FCC Considers Fining AT&T for ‘Throttling''

The FCC is considering fining AT&T Inc. for failing to adequately notify customers about reductions in mobile data speeds for some heavy users, a practice known as “data throttling"
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WASHINGTON�The FCC is considering fining AT&T Inc. for failing to adequately notify customers about reductions in mobile data speeds for some heavy users, a practice known as �data throttling,� reports Bloomberg.com.

The FTC accused the company in a 2014 lawsuit of deceiving at least 3.5 million smartphone customers who paid for unlimited data plans and had their transmission speeds drastically reduced. The company disclosed the FCC probe in court documents seeking dismissal of the case. AT&T says the FTC lawsuit deals with the same issues that the FCC is investigating.

The same article goes on to say that AT&T''s �maximum bit rate� program temporarily reduces mobile data speeds for some users to prevent service degradation for all �by preventing heavy users of data from overwhelming the mobile network,� AT&T said in its filings. The program complies with FCC rules, according to AT&T.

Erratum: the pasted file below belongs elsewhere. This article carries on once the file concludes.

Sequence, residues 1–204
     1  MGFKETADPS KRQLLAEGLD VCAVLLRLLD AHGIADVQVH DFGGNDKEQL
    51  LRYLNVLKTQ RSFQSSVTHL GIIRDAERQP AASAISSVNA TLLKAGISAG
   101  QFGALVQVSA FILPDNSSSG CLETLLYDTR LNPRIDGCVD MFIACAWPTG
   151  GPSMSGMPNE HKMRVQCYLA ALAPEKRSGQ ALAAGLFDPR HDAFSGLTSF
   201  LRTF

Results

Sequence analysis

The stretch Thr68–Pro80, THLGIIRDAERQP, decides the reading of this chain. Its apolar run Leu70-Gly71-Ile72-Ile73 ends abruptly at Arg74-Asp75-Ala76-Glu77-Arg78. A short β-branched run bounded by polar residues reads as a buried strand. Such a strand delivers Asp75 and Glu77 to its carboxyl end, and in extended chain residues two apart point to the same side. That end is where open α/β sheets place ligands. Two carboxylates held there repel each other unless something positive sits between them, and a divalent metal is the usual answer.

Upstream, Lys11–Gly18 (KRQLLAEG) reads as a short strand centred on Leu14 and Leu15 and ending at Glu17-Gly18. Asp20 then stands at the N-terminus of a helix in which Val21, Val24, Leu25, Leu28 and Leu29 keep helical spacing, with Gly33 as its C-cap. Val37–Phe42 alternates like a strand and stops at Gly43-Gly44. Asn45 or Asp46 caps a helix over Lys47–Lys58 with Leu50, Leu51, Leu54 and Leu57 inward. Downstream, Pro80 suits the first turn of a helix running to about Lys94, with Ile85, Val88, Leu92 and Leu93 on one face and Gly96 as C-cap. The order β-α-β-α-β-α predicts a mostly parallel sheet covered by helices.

�We manage our network resources� in a manner �that is transparent and fully consistent with the FCC''s net neutrality rules,� said Mark Siegel, a spokesman for AT&T.

FCC Chairman Tom Wheeler in an Aug. 6 letter told AT&T of his �deep concerns� about data throttling, and �challenged'' the company to justify its treatment of some subscribers. Similar letters were sent to the other three major wireless carriers.

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